South African Men Living With HIV/AIDS: Interview with Dr. Christopher Brooks
Editor’s Note: To read part one, click here.
According to the UNAIDS report on the global AIDS epidemic, an estimated 5.6 million people are living with HIV and AIDS in South Africa in 2009, more than any other country. In 2006 there were 607,184 reported deaths caused by HIV/AIDS related illnesses. Due to these startling statistics, professor of anthropology at Virginia Commonwealth University, Dr. Christopher A. Brooks decided to research the South African AIDS epidemic and compile stories of South African men affected by the virus into a new book, entitled Through the Voices of Men: South African Men Speak About HIV.
In part one of this interview, Dr. Brooks and I discussed his last book entitled Dangerous Intimacy: Ten African American Men With HIV and the topic of AIDS in African American communities. In this portion of the interview, the focus was international. Specifically, I interviewed Dr. Brooks about the crucial importance of the issue of HIV/AIDS in South Africa and the differences between the spread of the virus at home versus abroad.
GayRVA.com Could you tell our readers about your new book and why you decided to write about South Africa?
Dr. Christopher Brooks Edwin Cameron, a Supreme Court Judge in South Africa read my last book, Dangerous Intimacy. He suggested that I write a similar book, except with a focus on South African men. In the new book, there is twice the number of interviews as in Dangerous Intimacy. The interviews represent the 11 different ethic groups found in South Africa: Zulu, Xhosa, Africans, Pedi, Tswana, Sotho, Asian, Muslim, etc. The Zulu men represent the largest portion of the book in order to reflect ethnic proportions in the country.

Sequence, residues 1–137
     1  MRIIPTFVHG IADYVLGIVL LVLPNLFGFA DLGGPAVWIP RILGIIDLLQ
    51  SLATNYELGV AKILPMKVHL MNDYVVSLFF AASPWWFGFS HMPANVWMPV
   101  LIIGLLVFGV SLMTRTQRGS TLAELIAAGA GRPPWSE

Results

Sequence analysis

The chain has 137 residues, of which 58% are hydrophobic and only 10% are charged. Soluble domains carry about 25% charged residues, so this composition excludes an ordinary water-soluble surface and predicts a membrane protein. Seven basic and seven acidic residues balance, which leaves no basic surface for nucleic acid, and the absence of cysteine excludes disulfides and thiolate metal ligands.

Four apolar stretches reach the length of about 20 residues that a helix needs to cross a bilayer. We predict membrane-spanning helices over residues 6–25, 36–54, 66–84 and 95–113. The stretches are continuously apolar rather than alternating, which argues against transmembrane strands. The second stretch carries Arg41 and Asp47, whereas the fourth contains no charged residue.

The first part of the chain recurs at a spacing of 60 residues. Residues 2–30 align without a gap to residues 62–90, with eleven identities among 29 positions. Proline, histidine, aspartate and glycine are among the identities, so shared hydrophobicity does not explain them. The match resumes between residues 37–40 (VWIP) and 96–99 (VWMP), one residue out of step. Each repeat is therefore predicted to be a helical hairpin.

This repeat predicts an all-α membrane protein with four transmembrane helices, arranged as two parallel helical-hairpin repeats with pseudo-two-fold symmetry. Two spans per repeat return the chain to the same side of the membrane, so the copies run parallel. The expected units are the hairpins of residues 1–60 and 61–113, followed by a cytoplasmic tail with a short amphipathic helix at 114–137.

How does the South African experience of living with HIV/AIDS compare to the American experience?
They definitely know more about that virus there. They have to deal with it more often. There are about 45 million people in South Africa, and close to 1 in 4 are infected. Out of a population of 230,000 we have just over a million infected with the virus. The epicenter of the virus is the African continent. In comparison to the rest of the world, the need is dire in other nations.
Cultural issues often arise in the new book. There are many superstitions and local beliefs surrounding the issue of HIV/AIDS in South Africa. Even if medical science came up with a cure, you will still have to deal with the social and cultural practices that aid the spread and contraction of the virus.
What are South African men doing to address the issue of HIV/AIDS in their communities?
Several of the men I interviewed during my time writing Through The Voices of Men were activists, as well as people living with HIV/AIDS. Many joined organizations, such as South African Men’s Action Group (SAMAG), Treatment Action Campaign, AIDS Consortium, and The Mercy Foundation.
Through the Voices of Men: South African Men Speak About HIV will be available in the Spring of 2011. It will be published by Linus Publications.
Annie is journalist and activist living in Richmond, Virginia. Her journalism focuses on issues of gender, health and economic inequality. Check out her portfolio here: http://anniebrownportfolio.blogspot.com/ Also, Annie helps run a independent publication entitled, Lips Richmond: http://lipsrichmond.wordpress.com
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